WandaVision Episode 1 Review

Disney+ pulls no punches for their original series; The Mandalorian is a perfect example of the type of caliber they bring. WandaVision, the newest addition to the Disney+ originals, was released in December 2020 to mixed reviews.  

The show started in black and white and filmed in front of a live studio audience. This retro style of filming is a throw-back to the 50’s era of television. The creators let audiences know that each episode will jump a decade in television, meaning that the second episode will have a 60’s feel while the third episode will have a 70’s style and so on.  

The intro to the series premiere sets the tone for the entire episode and feels straight from the 1950s. The lyrics to the opening lay the foundation for the storytelling us that “Oh, a newlywed couple just moved to town, a regular husband and wife who left the big city to find a quiet life…WandVision”  

The lyrics are a way of explaining what’s going so that viewers do not feel lost; however, as the episode moves forward, the viewers and the cast may all feel lost. As the intro plays out, Vision (Paul Bettany) attempts to carry Wanda (Elizabeth Olsen) over the threshold but phases through the door, leaving Wanda on the outside. He then opens the door and picks her back up, and just as we think he is going to trip over the ottoman (a call back to The Dick Van Dyke show), he phases through that as well. The living room set up is a love letter to the Dick Van Dyke show, with an almost complete recreation of the set from the beloved 50’s show. While the episode plays out, we also get heavy vibes pulled from Bewitched when Wanda attempts to do the chores around the house.  

So far in this first episode, it is unclear what is going on. It appears that Wanda is having a dream of some kind but whether it is self-induced or forced upon her is uncertain. There are small clues that point to the events that unfolded in the MCU before the show.  

During the first one of the Bewitched throw-back scenes, Wanda uses her powers to wash the dishes and put them away. Vison walks through the door as a plate is flying across the room, and he says, “My wife and her flying saucers,” which could be an easter egg to the alien invasion in the Avengers movie.  

The town that Wanda and Vison are now newlyweds in is named Westview. The city’s name may also be a clue that these events are playing out in Wanda’s mind, which for any fan of the Marvel comics wouldn’t be the first time The Scarlet Witch altered reality. Wanda grew up in Sokovia with her fraternal twin brother Pietro. Sokovia is a poor, war-hardened country, so Wanda and her brother most likely grew up watching old sitcoms from the United States, or “the West.” Because of her childhood, this could be why the town she imagines they now live in is called Westview.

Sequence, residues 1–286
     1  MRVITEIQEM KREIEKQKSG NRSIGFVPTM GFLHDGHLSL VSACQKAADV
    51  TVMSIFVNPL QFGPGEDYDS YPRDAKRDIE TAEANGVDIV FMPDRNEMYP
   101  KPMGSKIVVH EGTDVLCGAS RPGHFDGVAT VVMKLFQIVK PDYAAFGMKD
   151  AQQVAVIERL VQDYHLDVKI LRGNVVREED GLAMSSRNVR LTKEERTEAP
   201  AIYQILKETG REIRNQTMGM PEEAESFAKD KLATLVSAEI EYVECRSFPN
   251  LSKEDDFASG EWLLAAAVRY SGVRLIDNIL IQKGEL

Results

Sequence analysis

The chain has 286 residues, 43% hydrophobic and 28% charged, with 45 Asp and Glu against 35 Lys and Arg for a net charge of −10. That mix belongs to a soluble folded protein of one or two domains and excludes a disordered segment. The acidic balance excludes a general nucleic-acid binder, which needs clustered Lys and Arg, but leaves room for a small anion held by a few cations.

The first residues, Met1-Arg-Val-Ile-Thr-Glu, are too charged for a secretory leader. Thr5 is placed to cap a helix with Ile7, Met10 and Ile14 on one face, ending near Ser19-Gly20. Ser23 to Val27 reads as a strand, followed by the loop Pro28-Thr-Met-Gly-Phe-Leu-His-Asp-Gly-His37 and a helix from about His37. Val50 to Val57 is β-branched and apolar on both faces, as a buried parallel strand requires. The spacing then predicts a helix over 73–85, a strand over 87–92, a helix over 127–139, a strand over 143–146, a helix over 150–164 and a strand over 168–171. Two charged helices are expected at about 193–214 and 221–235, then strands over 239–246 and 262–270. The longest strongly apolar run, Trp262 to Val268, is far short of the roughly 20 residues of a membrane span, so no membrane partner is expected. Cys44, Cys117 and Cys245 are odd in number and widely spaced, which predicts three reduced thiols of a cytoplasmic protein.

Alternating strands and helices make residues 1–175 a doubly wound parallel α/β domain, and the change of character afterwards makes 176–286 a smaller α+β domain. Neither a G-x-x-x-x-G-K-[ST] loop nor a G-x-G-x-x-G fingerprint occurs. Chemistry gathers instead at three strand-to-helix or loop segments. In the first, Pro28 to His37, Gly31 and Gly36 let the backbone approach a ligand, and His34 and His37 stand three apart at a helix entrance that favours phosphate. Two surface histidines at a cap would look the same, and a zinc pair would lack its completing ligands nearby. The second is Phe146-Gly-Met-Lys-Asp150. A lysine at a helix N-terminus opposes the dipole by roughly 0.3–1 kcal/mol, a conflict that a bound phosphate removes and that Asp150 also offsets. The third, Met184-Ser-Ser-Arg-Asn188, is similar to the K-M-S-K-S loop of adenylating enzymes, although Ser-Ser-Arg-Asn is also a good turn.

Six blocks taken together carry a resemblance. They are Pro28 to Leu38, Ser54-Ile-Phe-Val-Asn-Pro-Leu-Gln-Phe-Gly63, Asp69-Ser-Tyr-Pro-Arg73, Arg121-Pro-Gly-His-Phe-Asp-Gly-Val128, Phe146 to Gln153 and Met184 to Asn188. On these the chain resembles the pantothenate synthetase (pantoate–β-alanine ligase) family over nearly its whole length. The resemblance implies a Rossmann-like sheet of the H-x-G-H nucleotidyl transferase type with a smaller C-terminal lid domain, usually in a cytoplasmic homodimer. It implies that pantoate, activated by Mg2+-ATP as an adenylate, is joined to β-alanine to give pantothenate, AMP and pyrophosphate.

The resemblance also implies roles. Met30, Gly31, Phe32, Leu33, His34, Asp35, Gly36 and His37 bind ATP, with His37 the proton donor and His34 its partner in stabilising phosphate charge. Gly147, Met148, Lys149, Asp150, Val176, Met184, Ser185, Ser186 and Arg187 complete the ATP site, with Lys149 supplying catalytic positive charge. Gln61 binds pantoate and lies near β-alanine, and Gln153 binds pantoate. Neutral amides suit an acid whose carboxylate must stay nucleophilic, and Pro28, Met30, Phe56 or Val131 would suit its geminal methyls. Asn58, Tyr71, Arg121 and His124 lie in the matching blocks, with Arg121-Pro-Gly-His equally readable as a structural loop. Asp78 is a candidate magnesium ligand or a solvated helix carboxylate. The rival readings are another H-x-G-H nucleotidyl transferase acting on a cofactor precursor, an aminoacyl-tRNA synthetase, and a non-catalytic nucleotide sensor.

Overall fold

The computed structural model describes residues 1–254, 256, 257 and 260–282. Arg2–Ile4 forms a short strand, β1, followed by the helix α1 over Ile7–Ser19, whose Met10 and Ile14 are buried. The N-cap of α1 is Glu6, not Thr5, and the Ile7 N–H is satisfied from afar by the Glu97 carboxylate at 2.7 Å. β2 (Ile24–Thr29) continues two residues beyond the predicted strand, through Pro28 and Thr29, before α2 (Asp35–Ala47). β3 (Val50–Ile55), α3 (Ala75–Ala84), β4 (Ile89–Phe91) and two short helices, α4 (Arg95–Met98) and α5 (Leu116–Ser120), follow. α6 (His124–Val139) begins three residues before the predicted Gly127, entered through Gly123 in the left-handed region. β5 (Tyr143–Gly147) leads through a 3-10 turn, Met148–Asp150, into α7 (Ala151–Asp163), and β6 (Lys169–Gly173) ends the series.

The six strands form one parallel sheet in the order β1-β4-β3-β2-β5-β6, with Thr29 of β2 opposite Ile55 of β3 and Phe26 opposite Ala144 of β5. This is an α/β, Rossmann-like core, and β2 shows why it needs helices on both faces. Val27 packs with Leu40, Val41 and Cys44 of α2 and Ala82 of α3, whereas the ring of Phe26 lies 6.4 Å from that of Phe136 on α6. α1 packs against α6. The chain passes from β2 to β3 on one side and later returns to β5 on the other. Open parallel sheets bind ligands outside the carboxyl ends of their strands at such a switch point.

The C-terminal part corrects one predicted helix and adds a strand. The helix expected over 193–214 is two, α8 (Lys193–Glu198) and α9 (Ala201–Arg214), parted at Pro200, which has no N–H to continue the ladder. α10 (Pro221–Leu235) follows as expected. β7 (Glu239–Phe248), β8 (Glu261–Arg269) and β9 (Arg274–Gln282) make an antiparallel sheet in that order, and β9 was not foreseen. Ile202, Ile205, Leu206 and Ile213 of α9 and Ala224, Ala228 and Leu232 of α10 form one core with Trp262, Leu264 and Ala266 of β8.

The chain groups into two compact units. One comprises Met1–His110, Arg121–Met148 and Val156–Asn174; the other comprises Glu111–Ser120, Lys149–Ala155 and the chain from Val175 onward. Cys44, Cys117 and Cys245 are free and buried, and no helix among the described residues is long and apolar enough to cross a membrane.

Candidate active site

One of the plot points that play out is the heart on the date August 23rd. Neither Vision nor Wanda has any idea what the significance of the heart is. We later learn that it is the date when Vision’s new boss, Mr. Hart, is coming to dinner. However, the date could also be an easter egg. One could also write the date 8/23 as 23/8 or 238. The Avengers comic #238 tells the story of Vision attempting to reactivate. Here is another hint as to what could be going on in this episode.  

While Wanda and Vision are hosting dinner for Mr. and Mrs. Heart, they drink wine with the name “Maison Du Mepris,” which translates to “House of Contempt.” There may not be a direct connection to the Marvel Universe, but it is worth noting that “House of” could be a nod to the story “House of M,” which is when Wanda altered reality.  

With the uncertainty of what is going on in this episode, these potential easter eggs make for exciting and entertaining viewing. Many critics did not like this opening as they state it is too slow and does not “pull the viewers in.” This episode has a lot of fun while laying the foundation for a more in-depth series that deserves more credit. The comedic break and the mystery’s backdrop feel like a perfect blend for this type of story. Although this may seem like a slow build, I feel like the next few episodes will pick up the pace and create more tension and questions for what type of reality we are watching. Since each episode will jump to the next decade in television style, it makes sense why Disney+ is only doing a miniseries and not a full-fledged series.  

Written exclusively for TheLastPicture.Show by Jacob Ruble

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